School of Education: Legal Seminar Videos

Mandatory Child Abuse Reporting: Legal FAQ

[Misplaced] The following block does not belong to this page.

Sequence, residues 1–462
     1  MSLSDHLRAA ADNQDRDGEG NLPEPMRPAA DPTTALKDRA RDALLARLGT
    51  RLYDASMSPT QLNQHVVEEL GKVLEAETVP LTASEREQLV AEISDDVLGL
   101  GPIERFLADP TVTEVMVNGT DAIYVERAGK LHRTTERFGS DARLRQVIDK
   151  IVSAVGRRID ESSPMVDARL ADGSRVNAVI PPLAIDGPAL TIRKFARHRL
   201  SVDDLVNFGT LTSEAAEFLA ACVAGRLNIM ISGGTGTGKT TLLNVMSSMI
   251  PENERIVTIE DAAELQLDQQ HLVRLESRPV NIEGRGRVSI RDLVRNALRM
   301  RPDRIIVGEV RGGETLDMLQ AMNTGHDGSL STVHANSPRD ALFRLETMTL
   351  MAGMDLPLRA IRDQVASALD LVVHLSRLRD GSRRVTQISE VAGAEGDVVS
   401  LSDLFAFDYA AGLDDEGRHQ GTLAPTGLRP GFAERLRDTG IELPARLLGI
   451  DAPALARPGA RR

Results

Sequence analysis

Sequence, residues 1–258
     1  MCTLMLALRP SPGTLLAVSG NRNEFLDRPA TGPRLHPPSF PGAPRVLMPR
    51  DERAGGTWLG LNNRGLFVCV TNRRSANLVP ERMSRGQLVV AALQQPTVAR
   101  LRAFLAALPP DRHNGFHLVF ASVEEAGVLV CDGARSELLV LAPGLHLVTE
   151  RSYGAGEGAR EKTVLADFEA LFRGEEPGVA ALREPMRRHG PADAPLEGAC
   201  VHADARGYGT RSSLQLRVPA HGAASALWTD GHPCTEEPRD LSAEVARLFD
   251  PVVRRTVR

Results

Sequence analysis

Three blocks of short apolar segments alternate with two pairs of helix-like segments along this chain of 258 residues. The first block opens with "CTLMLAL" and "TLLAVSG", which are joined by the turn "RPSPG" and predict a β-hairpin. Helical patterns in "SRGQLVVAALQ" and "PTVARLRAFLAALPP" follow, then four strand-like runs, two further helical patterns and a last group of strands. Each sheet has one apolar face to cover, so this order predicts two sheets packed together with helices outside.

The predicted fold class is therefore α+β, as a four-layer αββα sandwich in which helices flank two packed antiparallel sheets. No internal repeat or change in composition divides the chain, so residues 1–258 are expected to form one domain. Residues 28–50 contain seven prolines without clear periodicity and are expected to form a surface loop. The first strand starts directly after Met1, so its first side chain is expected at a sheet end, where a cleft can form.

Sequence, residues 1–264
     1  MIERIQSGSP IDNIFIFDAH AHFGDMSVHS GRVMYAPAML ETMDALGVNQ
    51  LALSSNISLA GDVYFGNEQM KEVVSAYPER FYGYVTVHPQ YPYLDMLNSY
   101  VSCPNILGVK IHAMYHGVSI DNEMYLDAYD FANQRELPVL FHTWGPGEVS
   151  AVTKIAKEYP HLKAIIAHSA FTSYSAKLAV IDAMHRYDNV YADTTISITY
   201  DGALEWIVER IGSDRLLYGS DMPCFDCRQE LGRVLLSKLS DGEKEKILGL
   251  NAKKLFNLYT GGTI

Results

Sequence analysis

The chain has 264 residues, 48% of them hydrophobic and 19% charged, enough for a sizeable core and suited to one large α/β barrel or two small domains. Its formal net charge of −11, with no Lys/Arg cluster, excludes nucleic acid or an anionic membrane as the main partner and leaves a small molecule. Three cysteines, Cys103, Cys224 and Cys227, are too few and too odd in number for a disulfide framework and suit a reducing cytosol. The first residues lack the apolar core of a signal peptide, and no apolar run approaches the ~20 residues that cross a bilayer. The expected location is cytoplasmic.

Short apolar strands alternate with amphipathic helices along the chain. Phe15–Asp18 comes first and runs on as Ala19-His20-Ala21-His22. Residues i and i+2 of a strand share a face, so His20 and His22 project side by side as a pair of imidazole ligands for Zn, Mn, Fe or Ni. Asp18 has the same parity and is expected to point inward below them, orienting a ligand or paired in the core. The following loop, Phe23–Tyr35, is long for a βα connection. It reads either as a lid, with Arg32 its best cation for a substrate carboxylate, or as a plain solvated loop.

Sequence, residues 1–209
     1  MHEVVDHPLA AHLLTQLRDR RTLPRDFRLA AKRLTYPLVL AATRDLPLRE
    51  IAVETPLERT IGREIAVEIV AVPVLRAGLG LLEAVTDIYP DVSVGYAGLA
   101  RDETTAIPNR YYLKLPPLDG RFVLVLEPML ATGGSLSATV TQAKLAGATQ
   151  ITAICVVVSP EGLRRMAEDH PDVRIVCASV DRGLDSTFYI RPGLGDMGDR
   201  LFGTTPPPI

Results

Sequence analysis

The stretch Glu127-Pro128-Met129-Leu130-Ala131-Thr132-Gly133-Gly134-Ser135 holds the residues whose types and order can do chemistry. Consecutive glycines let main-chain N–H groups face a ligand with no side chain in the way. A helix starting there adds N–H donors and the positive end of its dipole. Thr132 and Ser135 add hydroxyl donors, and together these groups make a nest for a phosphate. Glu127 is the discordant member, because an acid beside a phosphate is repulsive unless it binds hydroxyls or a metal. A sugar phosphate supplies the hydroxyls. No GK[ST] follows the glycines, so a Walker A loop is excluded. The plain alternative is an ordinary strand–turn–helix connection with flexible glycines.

Legal FAQ

Dr. Erma Jean Sims,
Sonoma State University